The diagnosis begins with the health care practitioner taking a history of how the injury occurred. The mechanism of injury will give clues as to what type of injury may exist and importantly, what other associated injuries may also be potentially present. It is helpful to know how much time has passed from when the injury occurred to when the patient presents for care. Past medical history is important; those with diabetes are at greater risk for infection with foot injuries.
- Inspection of the foot for swelling, bruising, deformities, and open wounds.
- Palpation, which allows the health care practitioner to feel where the pain is located. This is very helpful if X-rays are taken, since it allows a more careful inspection of the area where the tenderness exists. This is particularly important in children whose bones may not have yet calcified. Fractures may be easily missed since they occur through cartilage instead of bone.
- Examination of the circulatory system, feeling for pulses, and a neurologic exam, assessing sensations such as light touch and pin prick along with motor function.
- Examination of the range of motion of the foot, which may help assess ligament stability. However, if the fracture is obvious, the health care practitioner may choose to keep the foot immobilized to prevent further pain.
X-rays are often taken to evaluate the status of the bones in the foot and check for fracture. Usually three pictures are taken to help the health care practitioner and radiologist adequately view the bones. Special views may be taken if there is concern for a fracture of the calcaneus.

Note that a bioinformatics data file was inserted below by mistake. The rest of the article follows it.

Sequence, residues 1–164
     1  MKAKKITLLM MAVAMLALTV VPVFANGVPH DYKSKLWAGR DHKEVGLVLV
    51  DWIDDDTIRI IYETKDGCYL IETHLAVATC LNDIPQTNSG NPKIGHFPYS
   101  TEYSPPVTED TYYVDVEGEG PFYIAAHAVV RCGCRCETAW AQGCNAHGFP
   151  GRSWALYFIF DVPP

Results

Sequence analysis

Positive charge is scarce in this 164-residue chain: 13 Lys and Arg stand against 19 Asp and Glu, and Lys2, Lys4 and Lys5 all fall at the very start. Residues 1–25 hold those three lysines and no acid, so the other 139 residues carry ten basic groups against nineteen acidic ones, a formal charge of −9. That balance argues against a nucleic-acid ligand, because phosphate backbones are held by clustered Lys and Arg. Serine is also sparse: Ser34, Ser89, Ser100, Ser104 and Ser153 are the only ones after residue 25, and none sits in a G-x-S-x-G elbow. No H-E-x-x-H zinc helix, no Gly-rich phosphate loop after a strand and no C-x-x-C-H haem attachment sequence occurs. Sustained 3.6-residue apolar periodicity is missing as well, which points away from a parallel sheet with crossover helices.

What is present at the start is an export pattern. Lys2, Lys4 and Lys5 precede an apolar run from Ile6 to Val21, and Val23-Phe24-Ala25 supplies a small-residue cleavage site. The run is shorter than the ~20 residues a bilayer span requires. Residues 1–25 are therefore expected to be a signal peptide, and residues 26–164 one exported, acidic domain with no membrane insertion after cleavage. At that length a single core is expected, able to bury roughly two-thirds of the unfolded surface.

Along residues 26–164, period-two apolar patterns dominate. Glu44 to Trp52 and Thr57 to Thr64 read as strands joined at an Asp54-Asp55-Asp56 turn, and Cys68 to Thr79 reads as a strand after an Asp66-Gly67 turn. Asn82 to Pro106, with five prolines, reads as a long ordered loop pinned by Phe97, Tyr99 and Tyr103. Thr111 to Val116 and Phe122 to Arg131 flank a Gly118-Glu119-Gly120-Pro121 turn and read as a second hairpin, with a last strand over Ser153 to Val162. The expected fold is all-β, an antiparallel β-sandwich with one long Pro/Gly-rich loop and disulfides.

X-rays may not be taken for simple toe injuries, since they may not affect the treatment plan.
For some foot fractures, X-rays may not be adequate to visualize the injury. This is often true for metatarsal stress fractures, where bone scans may be used if the history and physical examination suggest a potential fracture, but the plain X-rays are normal.
Computerized tomography (CT) may be used to assess fractures of the calcaneus and talus, since it may better be able to illustrate the anatomy of the ankle and midfoot joint and potential associated injuries.
The Lisfranc joint describes the connection between the first, second, and third metatarsals and the three cuneiform bones. A Lisfranc fracture dislocation often requires a CT scan to evaluate this region of the foot once plain X-rays delineate the injury.
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Read the Original Article: Broken Foot